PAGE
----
Sisters Grimm: The Fairy-Tale Detectives Discussion Guide
- Grades: 3–5
In Book One of the Sisters Grimm series, we meet two sisters, Sabrina and Daphne, who have been sent to live with their mysterious grandmother, Relda Grimm. From their first day in Ferryport Landing, the sisters begin to unravel a mystery that reveals a family secret. Sabrina and Daphne learn that they are descendants of the Brothers Grimm, whose famous book of fairy tales is actually a history book. Snow White, the Three Little Pigs, the Big Bad Wolf-they're all alive and now neighbors of Granny Relda in this community of Everafters, as magical folks like to be called.
But life is not a fairy tale in Ferryport Landing. Someone has set a giant loose on the town, and it's up to the sisters Grimm to stop the giant and find the Everafter behind its murderous rampage. Is it Mayor Charming, formerly Prince Charming, who may have plans to get his kingdom back? Or Jack, the erstwhile giant killer, now working at the Big and Tall store?
Michael Buckley has written and developed television shows for many networks. He lives in New York City and the Sisters Grimm books are his first.
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Suggested Answers to Literature Circle Questions
1. What difficulties do Sabrina and Daphne encounter in the foster homes in which they stay?
On page 4, Daphne and Sabrina tell Ms. Smirt that Ms. Longdon "swore her toilet was haunted"; that Mr. Dennison "made us sleep in his truck"; and that "Mr. and Mrs. Dennison handcuffed us to a radiator."
2. What are the rules of Granny Relda's house?
On pages 29--30, Granny Relda gives the girls two rules: "First, never let anyone or anything into this house without asking Mr. Canis or me if it is OK," and "Second, there is a room down the hall that is locked. It's locked for a reason and I ask that you stay away from it for the time being."
3. What is the secret to unlocking the door to Granny Relda's house?
On page 14, upon first bringing Sabrina and Daphne home, Granny Relda opens a dozen locks and "rap[s] her knuckles on the door three times and [says], ‘We're home.'" On pages 129--130, when the girls and Puck attempt to enter the house without Granny Relda, the keys alone don't open the door. Puck reminds them that they've forgotten to tell the house you are home."
Daphne remembers that Granny Relda always knocked three times and announced, "We're home." This is the secret to unlocking the door.
4. Mr. Canis is Relda's helper, driver, and assistant. But he is also something else. What is he? What are some of the clues to his secret identity?
Mr. Canis is the Big Bad Wolf. His name is the first clue, as "canis" is the genus name of the dog family, which includes the wolf species, or "canis lupus."
There are several more hints throughout the story to indicate his identity. On page 27, when he warns the girls to keep their bedroom window closed, the text reads, "he growled" rather than "he said."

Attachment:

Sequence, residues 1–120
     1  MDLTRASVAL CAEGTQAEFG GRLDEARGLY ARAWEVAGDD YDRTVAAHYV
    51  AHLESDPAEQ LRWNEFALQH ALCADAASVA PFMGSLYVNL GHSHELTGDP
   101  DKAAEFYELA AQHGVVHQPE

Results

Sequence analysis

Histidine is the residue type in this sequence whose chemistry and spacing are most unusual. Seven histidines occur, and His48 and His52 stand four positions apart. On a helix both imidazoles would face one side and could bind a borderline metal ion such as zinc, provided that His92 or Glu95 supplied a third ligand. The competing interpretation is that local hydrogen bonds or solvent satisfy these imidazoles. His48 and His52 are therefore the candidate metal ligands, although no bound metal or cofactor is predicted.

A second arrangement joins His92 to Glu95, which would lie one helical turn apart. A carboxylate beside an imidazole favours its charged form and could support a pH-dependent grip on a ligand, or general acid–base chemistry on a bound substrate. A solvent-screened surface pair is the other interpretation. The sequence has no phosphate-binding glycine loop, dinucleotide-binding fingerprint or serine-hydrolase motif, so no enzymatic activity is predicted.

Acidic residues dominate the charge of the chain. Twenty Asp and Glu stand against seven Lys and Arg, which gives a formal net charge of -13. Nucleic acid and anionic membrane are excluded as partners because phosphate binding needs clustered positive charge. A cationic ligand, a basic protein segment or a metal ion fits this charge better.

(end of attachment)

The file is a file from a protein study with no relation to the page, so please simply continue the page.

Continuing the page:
On page 97, prior to the giant's appearance, Mr. Canis detects the danger by sniffing the air. Both he and the dog, Elvis, "had the same expression. The two of them were smelling something they didn't like."
On page 192, Sabrina notices that in photographs, his eyes have a "bright blue color" which she believes to be a trick of the flash.
Later, on page 267, Jack the Giant Killer tells Granny Relda, "If you want to sic your dog on me, Grimm, then do it." Mr. Canis then "turns into a wolf the size of a rhinoceros," with eyes of an "achingly bright blue color." All wolf pups are born with blue eyes.
5. Many of the citizens of Ferryport Landing have jobs that relate to their fairytale backgrounds. List some of them and explain the connections.
Snow White is a school teacher. She is "very good with little people like yourself," as Granny Relda tells the girls. (page 94) On her desk is "a stack of apples." (page 153)
Jack the Giant Killer works in a "Big and Tall" clothing shop (page 95) called "Harold's House of Big and Tall." (page 174)
At the end of the story, Hamstead, Boarman, and Swineheart, the Three Little Pigs, reveal that prior to becoming policemen, they worked "in construction." (page 283)
6. What are the bugs that attack Sabrina and Daphne in Granny Relda's back yard? Why do they attack?
The bugs are pixies. On page 27, the girls see what they believe are lightning bugs outside their bedroom window. Later that night (pages 37--39) when the girls decide to run away, they are attacked in the yard by a biting swarm and realize they aren't lightning bugs at all. On page 40, Granny Relda tells them that these are pixies.
Puck sent the pixies to attack the girls for "trying to steal the old lady from me," as he says on page 123. He is jealous of the attention the girls receive from Granny Relda.
7. Are there any characters that you think would do a better job than Prince Charming as mayor of Ferryport Landing? Explain your answer.
Answers will be a matter of opinion. Granny Relda may be an obvious choice, but there would be a question as to whether the Everafters would vote for a human, much less a Grimm. Puck is too mischievous, and Canis is not a leader and struggles with his dark side. Mirror is very dignified, but does not seem to be able to leave his realm within the magic mirror itself. Charming's background as royalty may make him perfectly suited to be a politician.
8. If you lived in Ferryport Landing, would you rather be an Everafter or a human? Use examples from the book to relate the advantages and difficulties you would encounter.
Answers will vary. The Everafters are prisoners within the city limits, but they do indeed have special talents and magic powers that could be fun. Humans, on the other hand, are free to come and go, but they are clueless as to the true nature of the town they live in. They are at the mercy of the spells and magic all around them.
9. Puck says he is a villain. Are his actions villainous? Give some examples and explain.
Puck is not a villain, although he is certainly a "trickster" and very immature. He does send the pixies to attack the girls, but it is only out of jealousy. He frequently complains, as when he says cleaning is "women's work" (page 155) but Daphne understands that he just "needs to feel that he's important."(page 169)
10. The girls often encounter resentment towards their family from the citizens of Ferryport Landing. Why is this?